Well, I don’t know about you, but I’ve waited for 54 years for Doctor Who to explain why crows sound like they do, so now that they’ve finally tackled that important issue it’s time for our weekly round-up of callbacks, similarities and generally interesting things taken from this week’s episode. And as ever, if you’re sitting thinking ‘How can he have missed that?!’ (the answer is usually ‘ineptitude’), leave it down in the comments below…
Bad cat woman
The Eaters Of Light was written by Rona Munro, an award-winning Scottish writer responsible for films including Aimee & Jaguar and Oranges And Sunshine, as well as a multitude of theatre works. However, you’re presumably here to read about Doctor Who, and in the Doctor Who world Rona Munro is best known for killing off the classic series….
…perhaps I should rephrase that. Rona Munro wrote the 1989 adventure Survival which, thanks to falling ratings and at best an indifference towards the series from many corners of the BBC, ended up being the final story to be aired before the show went on its 16-year ‘hiatus’. It’s worth noting that Survival was ahead of its time in many ways – the story saw the seventh Doctor and Ace returning to her home town of Perivale, where we got a glimpse of her home life and spent some time on a council estate. Both of these things would be major factors in Russell T Davies’ version of the show when it returned in 2005. Survival also saw Rona Munro writing for the Master – played on that occasion by Anthony Ainley.
This isn’t the first time the TARDIS has been immortalised in stone – in 2007’s The Fires Of Pompeii the Doctor, Donna and the TARDIS were all seen etched into a marble tablet as they were worshipped by Caecilius (played by an actor called Peter Capaldi) and his family. The TARDIS also ended up as part of a stained-glass window in 2009’s The End Of Time Part One following an unseen 14th-century adventure.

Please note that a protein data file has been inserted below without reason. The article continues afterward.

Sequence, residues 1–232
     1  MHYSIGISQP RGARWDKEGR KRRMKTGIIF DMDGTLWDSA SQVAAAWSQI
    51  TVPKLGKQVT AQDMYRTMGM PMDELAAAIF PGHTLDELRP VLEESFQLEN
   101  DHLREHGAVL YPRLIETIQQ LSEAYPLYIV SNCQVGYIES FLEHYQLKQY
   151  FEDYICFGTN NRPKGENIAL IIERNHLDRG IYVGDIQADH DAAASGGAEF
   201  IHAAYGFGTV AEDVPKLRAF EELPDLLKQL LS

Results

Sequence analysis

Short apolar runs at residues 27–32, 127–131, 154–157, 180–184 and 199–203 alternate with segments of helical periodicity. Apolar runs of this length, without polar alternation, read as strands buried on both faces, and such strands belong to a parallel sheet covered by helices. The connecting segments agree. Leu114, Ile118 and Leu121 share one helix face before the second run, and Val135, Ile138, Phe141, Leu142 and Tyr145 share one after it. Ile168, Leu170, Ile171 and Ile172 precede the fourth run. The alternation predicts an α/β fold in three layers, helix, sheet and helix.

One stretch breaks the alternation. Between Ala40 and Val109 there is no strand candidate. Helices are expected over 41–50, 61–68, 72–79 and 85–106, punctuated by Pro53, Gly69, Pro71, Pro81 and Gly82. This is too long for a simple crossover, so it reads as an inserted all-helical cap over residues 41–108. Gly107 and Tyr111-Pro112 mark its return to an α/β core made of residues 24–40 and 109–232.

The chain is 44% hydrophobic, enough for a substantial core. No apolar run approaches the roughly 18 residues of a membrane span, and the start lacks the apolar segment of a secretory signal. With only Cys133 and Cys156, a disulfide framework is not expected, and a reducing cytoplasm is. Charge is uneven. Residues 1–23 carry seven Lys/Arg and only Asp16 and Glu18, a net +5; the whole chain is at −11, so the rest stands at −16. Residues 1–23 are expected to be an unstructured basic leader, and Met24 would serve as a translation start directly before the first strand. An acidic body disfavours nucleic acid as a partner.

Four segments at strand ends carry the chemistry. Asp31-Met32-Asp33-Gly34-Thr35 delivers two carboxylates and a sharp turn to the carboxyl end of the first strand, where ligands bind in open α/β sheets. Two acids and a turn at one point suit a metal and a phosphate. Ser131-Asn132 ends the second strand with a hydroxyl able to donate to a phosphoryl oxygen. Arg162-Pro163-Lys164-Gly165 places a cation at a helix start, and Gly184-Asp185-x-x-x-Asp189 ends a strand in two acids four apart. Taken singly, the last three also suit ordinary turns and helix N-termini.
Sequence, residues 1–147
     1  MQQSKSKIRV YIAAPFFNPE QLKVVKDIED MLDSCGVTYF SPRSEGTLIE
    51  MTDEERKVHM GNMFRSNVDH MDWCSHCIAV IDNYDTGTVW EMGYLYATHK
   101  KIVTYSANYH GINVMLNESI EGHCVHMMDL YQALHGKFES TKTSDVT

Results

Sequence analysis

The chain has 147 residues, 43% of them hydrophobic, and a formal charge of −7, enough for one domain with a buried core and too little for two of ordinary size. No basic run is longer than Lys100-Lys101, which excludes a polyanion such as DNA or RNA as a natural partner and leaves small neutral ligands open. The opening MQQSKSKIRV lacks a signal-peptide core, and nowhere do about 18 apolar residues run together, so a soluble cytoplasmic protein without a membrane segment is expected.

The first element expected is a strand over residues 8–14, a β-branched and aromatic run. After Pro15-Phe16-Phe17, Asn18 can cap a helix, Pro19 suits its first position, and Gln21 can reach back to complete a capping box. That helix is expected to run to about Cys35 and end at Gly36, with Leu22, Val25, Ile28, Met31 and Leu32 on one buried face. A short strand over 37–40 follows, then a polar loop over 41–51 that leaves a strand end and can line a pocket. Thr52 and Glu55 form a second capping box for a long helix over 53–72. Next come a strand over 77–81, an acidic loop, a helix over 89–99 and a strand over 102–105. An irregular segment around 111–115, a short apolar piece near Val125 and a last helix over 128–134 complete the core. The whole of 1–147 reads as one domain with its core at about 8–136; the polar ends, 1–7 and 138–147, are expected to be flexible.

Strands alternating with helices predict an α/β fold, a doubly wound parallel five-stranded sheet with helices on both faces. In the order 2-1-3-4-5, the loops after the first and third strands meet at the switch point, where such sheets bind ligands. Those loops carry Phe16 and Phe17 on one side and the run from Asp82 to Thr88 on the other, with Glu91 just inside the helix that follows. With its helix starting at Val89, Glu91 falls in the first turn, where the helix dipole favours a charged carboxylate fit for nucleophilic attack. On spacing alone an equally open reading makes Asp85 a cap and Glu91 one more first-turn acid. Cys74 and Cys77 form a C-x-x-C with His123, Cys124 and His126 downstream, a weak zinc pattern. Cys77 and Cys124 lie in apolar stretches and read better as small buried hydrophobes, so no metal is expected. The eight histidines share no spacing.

The Doctor previously visited Aberdeen in 1976’s The Hand Of Fear – though he didn’t know it at the time. He dropped companion Sarah Jane Smith off in what he believed to be Croydon, and it was only when the pair reunited in 2006’s School Reunion that he was made aware of his mistake.
The series has visited the Roman Empire before, most notably in 1965’s The Romans, which depicted the fall of Rome. Someone else who was at the fall of Rome was Amy Pond’s husband Rory – or at least, his Auton duplicate, created as part of an elaborate trap for the Doctor in 2nd-century Stonehenge. Auton Rory was part of a fake legion of Centurions, but he managed to override his programming and stood guard over Amy for the next 2,000 years. Though he was made a real boy once more when the Doctor rebooted the universe, Rory retained his memories – and, from time to time, his costume.
Stonehenge is the most famous set of standing stones to have appeared in Doctor Who, but some also featured in 1978’s The Stones Of Blood, in which the ‘Nine Travellers’ were revealed to be the Ogri, a rock-based life form.
Doctor Who And The Iron Legion
The Ninth Legion, or Legio IX Hispana, was a real legion of soldiers based in Britain in the first and second centuries until all records of their activities stopped in 120AD. Historians have spent many years researching and debating their apparent disappearance, but there have been no concrete answers (Until this episode, obviously). The legion’s disappearance was the subject of 2011 film The Eagle, starring Channing Tatum and Jamie Bell.